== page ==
3 IRS, Frequently Asked Questions on Virtual Currency Transactions, FAQ #29 https://www.irs.gov/individuals/international-taxpayers/frequently asked-questions-on-virtual-currency-transactions (last accessed January 17, 2020). Query whether a protocol change may be so substantial that a  holder actually receives “new” property that is unlike the “old” protocol change. See, e.g., Cottage Savings Association v. Commissioner, 499 U.S.  554, 565 (1991) (holding that there is a sale or disposition of property under section 1001 when a taxpayer disposes of property that is “different”  because the taxpayer “enjoy[s] legal entitlements that are different in kind or extent.”).

4 IRS, Frequently Asked Questions on Virtual Currency Transactions, FAQ #21. 

5 Many cryptocurrency community experts believe that an airdrop after a fork is not common (and certainty are not as common as contentious hard  forks). See Peter Van Valkenburgh, IRS Cryptocurrency guidance answers some questions while raising messy new ones, CoinCenter (Oct. 9, 2019)  (https://coincenter.org/entry/irs-cryptocurrency-guidance-answers-some-questions-while-raising-messy-new-ones). It is possible that the IRS conflated the term “airdrop” with “contentious hard fork” or that the IRS uses a different definition from that which is commonly accepted by the  cryptocurrency community. 

6 One important unanswered tax question is whether a holder who cannot immediately trade the airdropped cryptocurrency without upgrading the  protocol (which the holder may be loath to upgrade for fear of a so-called “replay” attack) has dominion and control over the airdropped  cryptocurrency. A similar question exists with taxpayers who receive airdrops on exchanges that don’t support the currency that was airdropped  because the holder would be unable to trade the cryptocurrency without moving the newly airdropped cryptocurrency out of the holder’s current  crypto wallet. The IRS said in FAQ#24 that a holder recognizes income as a result of a hard fork “when [the cryptocurrency] is received, which is when  the transaction is recorded on the distributed ledger, provided that you have dominion and control over the cryptocurrency so that you can transfer,  sell, or otherwise dispose of the cryptocurrency.” Query whether a person has dominion and control if the person could but decides not to upgrade  the software and therefore does not have the ability to transfer the new unit of cryptocurrency.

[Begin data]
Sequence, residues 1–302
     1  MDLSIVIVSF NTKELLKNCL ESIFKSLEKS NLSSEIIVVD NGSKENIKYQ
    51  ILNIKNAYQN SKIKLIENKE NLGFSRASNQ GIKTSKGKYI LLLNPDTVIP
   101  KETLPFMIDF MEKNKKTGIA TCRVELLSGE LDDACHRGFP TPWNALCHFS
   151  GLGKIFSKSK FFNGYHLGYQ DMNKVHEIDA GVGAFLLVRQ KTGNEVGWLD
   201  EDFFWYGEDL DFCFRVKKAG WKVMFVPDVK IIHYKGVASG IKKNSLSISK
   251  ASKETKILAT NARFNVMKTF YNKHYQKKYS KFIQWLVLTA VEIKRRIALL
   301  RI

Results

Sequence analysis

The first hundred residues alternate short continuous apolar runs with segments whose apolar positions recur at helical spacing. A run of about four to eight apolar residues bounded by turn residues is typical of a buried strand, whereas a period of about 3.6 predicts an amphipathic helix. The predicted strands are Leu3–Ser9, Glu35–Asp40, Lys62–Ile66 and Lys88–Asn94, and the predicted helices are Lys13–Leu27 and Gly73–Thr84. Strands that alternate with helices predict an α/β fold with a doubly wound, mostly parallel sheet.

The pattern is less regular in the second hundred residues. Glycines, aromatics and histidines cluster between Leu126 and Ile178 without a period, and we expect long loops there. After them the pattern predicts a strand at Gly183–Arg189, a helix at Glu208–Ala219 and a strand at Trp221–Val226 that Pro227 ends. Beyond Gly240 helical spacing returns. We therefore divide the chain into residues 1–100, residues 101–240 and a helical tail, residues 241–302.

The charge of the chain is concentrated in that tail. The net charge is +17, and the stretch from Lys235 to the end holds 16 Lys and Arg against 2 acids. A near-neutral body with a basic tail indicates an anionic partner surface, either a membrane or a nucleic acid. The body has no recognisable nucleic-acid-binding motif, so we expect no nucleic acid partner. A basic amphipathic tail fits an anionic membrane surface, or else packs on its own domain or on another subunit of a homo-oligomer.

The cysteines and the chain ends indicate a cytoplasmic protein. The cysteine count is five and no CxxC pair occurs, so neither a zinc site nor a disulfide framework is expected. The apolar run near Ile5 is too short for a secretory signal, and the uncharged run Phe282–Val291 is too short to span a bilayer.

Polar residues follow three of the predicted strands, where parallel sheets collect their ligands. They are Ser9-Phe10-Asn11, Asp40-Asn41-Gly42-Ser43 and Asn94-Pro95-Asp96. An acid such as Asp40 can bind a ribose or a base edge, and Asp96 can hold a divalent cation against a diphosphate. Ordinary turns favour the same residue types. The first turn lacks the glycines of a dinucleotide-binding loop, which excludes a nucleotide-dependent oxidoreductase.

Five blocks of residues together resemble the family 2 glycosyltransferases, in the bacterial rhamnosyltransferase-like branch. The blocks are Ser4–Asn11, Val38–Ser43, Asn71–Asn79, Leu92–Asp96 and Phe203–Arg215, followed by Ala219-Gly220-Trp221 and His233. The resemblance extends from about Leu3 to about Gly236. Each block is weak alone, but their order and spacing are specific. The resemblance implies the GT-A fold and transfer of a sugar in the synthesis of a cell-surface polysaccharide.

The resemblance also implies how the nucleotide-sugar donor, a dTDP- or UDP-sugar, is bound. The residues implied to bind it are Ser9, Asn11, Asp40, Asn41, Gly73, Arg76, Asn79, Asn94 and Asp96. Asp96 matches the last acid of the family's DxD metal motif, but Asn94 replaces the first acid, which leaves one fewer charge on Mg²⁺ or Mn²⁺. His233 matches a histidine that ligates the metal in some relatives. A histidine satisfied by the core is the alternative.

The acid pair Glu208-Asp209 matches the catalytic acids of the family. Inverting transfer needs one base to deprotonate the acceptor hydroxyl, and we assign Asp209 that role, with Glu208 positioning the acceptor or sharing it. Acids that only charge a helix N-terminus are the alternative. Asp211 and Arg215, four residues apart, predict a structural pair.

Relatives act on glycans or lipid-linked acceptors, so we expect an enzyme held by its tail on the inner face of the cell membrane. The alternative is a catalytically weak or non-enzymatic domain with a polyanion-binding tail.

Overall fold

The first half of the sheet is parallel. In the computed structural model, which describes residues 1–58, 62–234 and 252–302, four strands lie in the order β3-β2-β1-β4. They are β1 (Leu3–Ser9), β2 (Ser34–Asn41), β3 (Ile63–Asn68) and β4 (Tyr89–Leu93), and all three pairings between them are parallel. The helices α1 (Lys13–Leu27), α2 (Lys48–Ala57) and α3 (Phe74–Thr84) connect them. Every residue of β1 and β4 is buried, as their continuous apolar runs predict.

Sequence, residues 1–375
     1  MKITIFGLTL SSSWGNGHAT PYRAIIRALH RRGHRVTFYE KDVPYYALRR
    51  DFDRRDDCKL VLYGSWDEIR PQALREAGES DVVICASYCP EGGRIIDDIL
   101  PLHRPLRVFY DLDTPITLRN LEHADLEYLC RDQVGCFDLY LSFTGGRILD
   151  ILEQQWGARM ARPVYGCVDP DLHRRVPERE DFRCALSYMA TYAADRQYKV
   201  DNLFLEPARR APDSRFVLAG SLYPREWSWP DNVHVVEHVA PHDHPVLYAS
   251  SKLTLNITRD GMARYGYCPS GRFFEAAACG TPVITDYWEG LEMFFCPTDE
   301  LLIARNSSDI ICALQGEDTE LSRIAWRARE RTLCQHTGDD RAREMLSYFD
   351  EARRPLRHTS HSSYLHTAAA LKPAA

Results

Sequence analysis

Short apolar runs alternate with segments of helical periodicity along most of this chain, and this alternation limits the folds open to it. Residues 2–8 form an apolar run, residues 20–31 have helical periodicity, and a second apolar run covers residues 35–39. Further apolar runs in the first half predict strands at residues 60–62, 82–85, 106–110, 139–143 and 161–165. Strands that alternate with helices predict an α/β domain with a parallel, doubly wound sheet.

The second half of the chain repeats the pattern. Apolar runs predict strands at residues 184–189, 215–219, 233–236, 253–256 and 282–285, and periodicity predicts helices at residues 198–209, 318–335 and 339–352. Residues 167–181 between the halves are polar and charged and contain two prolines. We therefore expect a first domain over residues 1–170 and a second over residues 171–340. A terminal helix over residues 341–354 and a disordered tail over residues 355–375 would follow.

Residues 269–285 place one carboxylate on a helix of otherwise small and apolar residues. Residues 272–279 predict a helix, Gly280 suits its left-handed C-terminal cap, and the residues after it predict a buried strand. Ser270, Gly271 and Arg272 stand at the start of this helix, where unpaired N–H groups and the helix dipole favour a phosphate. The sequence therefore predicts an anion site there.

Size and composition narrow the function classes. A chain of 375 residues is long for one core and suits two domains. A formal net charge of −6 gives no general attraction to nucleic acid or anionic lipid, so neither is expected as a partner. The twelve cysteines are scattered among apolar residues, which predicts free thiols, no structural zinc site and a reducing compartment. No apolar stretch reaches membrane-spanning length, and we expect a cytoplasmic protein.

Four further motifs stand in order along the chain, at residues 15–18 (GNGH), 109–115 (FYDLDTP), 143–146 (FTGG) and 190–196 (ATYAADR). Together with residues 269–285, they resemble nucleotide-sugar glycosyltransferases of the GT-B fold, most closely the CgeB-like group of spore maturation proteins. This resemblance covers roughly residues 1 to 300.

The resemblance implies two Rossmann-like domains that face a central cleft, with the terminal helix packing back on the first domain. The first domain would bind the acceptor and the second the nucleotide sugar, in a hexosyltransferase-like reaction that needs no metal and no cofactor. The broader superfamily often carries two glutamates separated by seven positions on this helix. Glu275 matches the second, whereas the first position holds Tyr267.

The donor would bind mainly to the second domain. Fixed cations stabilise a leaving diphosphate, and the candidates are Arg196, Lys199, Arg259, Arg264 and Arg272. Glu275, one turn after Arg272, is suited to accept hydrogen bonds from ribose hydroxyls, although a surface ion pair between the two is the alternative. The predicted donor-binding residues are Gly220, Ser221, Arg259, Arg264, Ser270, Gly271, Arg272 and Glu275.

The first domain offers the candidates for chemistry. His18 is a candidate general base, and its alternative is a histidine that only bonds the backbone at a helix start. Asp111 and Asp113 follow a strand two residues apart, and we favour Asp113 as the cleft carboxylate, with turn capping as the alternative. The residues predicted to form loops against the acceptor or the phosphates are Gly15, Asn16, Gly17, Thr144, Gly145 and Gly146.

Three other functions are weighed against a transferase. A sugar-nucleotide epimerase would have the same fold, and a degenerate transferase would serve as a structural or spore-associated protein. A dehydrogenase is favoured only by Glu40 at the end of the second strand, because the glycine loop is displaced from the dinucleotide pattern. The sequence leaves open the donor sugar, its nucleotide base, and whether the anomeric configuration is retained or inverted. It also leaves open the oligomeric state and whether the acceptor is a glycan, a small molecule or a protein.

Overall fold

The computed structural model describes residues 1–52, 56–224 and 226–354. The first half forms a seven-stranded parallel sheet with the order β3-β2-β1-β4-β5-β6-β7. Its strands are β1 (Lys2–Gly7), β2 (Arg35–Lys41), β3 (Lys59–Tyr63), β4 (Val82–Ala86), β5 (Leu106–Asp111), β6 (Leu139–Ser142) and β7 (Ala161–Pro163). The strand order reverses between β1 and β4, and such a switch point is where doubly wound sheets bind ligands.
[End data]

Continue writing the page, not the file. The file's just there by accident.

7 See I.R.C. § 61. 

8 IRS, Frequently Asked Questions on Virtual Currency Transactions, FAQ #23. Query whether the open transaction doctrine does or should apply to  this type of transaction, and to what extent Treas. Reg. § 15a.453-1(d) may limit application of the open transaction doctrine.

9 IRS, Frequently Asked Questions on Virtual Currency Transactions, FAQ #23, 25. 

10 Id., FAQ #23, 41. 

11 Id, FAQ #24. 

12 See Burnet v. Logan, 283 U.S. 404 (1931); Eric D. Chason, Cryptocurrency Hard Forks and Revenue Ruling 2019-24, 39 Va. Tax R. 277, 283 (2019);  N.Y. STATE BAR ASS’N, REPORT NO. 1433 – REPORT ON THE TAXATION OF CRYPTOCURRENCY 17–18 (2020), https://nysba.org/app/uploads/2020/03/Report 1433.pdf. 

13 Treas. Reg. § 15a.453-1(d).

14 Id., FAQ #21.

15 See also Treas. Reg. § 1.61-14(a) (listing the tax consequences of Treasure Trove and found property).

16 See, e.g., Eisner v. Macomber, 252 U.S. 189 (1920). If the contentious hard fork was not a taxable event, the taxpayer would need to allocate basis
of the original cryptocurrency (e.g., Crypto A) between the original cryptocurrency (e.g., Crypto A) and the newly created cryptocurrency (e.g., Crypto B) after the contentious hard fork.

17 See Gamble v. Commissioner, 68 T.C. 800 (1977); Rev. Rul. 86-24, 1986-1 C.B. 80.

18 See IR-98-56, https://www.irs.gov/pub/irs-news/ir-98-56.pdf.